Click on the link to see the full article: A major challenge for the mobility sector
For the general public, the subject of “Grand Paris” is still somewhat unclear in its scope and overall duration.
The purpose of this article is to strengthen public knowledge about the construction of the Grand Paris Metropolis by highlighting the link between such a project and the mobility challenges that have motivated many companies in the sector over the past decade.
We will try to explain it to you in a clear and detailed way in this article. You can also watch the video explaining the project.
- What is the “Grand Paris”?
- The big changes and corresponding results
- What impact does it have on mobility?
What is the “Grand Paris” ?
The “Grand Paris” is generally speaking, a titanic project, the largest in Europe in this case, aimed at structuring and developing the region around Paris, and whose implementation was confirmed on 6 March 2013 by the new government.
The aim of its construction is clearly to “drastically simplify its structure” in order to establish Paris and its metropolis in international competition and produce better distributed wealth.
It is a huge project since it involves the rallying of 131 municipalities in the inner suburbs, the outer suburbs and Paris by bringing together several major players, including the Grand Paris Metropolitan Area (MGP) and the Grand Paris Express (GPE).
The Greater Paris construction project dates back to the 1960s, when it was redrawn by Charles de Gaulle and Paul Delouvrier, but it was not until March 6, 2013 that the project was actually confirmed by the government in the lead at that time.
The big changes and corresponding results
Such an impressive project inherently involves changes and revenues of the same magnitude. Here are the most significant expectations of the construction of Greater Paris:
- Make Paris a leader among the world’s largest metropolis and promote the region on a global scale
- Creating new opportunities and opening new horizons
- An economic growth target: more than 60 billion euros of public revenue per year by 2030
- Improve the living conditions of the inhabitants, in particular by improving mobility throughout the region;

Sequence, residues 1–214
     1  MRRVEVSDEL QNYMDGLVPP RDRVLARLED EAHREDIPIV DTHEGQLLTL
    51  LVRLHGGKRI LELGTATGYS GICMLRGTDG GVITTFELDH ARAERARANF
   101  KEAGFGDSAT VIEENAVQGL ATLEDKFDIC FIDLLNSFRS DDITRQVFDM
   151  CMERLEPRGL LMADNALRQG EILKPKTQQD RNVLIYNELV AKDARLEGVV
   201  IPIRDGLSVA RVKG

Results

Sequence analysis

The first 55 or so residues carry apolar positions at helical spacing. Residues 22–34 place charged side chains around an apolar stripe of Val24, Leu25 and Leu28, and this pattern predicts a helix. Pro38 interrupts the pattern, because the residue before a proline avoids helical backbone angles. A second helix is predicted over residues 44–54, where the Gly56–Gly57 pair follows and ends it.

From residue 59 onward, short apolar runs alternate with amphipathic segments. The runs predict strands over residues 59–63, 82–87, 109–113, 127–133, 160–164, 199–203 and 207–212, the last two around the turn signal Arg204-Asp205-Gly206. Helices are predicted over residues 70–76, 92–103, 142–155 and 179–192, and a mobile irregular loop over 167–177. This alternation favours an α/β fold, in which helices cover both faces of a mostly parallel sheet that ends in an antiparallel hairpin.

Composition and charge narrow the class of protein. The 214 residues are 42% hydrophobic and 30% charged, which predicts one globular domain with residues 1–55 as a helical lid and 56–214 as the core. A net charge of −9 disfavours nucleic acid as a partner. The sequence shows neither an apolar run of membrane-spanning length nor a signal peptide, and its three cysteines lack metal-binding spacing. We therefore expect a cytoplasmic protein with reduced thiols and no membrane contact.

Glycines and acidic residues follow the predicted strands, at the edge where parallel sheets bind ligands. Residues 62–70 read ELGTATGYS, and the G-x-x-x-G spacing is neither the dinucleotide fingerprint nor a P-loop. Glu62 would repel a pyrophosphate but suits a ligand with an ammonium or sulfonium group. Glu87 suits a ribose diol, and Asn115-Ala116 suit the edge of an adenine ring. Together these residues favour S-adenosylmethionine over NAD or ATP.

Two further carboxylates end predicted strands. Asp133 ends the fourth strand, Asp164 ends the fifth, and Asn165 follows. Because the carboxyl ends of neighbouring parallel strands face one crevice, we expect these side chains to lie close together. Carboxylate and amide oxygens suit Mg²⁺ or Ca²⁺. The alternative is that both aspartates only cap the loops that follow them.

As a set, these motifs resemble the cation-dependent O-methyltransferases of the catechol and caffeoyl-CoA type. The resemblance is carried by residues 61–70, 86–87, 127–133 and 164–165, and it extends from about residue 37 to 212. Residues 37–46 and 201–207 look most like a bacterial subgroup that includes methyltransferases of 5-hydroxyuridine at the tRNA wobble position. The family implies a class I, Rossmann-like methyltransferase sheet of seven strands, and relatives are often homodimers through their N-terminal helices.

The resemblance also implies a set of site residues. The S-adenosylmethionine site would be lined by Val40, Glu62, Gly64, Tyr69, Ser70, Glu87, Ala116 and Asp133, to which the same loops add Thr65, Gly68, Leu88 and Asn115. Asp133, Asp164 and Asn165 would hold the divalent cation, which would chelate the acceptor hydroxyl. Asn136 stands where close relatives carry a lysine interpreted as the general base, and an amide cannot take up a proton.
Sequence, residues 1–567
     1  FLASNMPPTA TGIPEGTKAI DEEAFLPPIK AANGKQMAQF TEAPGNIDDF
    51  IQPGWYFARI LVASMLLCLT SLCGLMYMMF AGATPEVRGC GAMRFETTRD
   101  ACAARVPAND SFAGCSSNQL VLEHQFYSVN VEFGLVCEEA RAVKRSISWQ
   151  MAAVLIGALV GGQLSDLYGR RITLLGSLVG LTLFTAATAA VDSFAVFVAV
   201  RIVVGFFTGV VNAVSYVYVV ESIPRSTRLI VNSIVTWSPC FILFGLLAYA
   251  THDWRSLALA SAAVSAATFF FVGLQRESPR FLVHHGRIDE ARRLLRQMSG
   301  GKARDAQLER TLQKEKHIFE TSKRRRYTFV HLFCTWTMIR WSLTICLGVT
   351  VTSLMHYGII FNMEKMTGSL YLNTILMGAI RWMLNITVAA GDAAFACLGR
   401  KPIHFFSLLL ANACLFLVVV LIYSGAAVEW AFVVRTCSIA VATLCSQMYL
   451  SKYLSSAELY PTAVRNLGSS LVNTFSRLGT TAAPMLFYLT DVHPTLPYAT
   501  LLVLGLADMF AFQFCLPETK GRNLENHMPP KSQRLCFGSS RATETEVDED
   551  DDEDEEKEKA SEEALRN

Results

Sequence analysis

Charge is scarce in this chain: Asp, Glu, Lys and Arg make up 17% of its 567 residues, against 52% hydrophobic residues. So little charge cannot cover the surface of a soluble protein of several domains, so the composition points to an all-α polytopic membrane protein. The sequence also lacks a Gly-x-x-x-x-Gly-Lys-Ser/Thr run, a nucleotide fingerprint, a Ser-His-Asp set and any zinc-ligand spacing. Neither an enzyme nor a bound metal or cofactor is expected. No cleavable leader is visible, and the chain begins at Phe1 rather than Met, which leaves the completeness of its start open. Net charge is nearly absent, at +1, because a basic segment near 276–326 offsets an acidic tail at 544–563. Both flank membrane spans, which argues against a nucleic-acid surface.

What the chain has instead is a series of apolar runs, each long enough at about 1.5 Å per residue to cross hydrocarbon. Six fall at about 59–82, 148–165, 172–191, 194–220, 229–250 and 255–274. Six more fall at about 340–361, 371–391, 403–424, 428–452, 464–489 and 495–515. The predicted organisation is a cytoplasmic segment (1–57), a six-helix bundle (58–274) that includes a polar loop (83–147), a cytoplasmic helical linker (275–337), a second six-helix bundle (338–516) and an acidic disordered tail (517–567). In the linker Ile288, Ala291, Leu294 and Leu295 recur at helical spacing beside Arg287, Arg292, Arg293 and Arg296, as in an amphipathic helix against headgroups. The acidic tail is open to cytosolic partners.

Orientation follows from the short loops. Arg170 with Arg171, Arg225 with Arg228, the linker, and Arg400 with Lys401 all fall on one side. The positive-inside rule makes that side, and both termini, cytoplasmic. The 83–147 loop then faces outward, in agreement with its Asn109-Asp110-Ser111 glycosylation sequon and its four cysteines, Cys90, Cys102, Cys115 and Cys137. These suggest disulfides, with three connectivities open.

- Facilitate access to essential services (stations, shops, university hubs and cultural facilities);
- Making Paris a high-performance city that consumes less energy
- Make Paris an intelligent city that cares about the environment and meets the objectives of ecological transition;
- Facilitate access to culture through new means of transport.
Overall, it is an initial investment of €35 billion that should eventually bring in €140 billion to France’s gross domestic product (GDP).
What impact does it have on mobility ?
Mobility is one of the most important issues in the construction of Grand Paris because if it is poorly defined, the whole project would not really make sense, since people must be able to move easily to allow an equal flow of financial resources between the different municipalities in the region.
It can be seen that the impact is not unique but multiple, and the main actor of such actions is essentially the Grand Paris Metropolis, since it is the leading organization in this project on:
- the demand for travel (in terms of spatial planning, housing policy or economic development in order to influence the current modes of travel of the urban population)
- the provision of spaces (acting on the approval of local urbanisation plans, to define the place of bicycles and other self-service means of transport in the city)
- the actual planning of this new mobility (it will be able to influence the choices related to mobility in the heart of the urban area: areas with limited traffic, measures to protect the atmosphere, etc.) Its actions will then contribute to the objectives of the Île-de-France urban transport plan or the atmospheric protection plan, to name but a few.)
Originally published at https://blog.bepark.eu.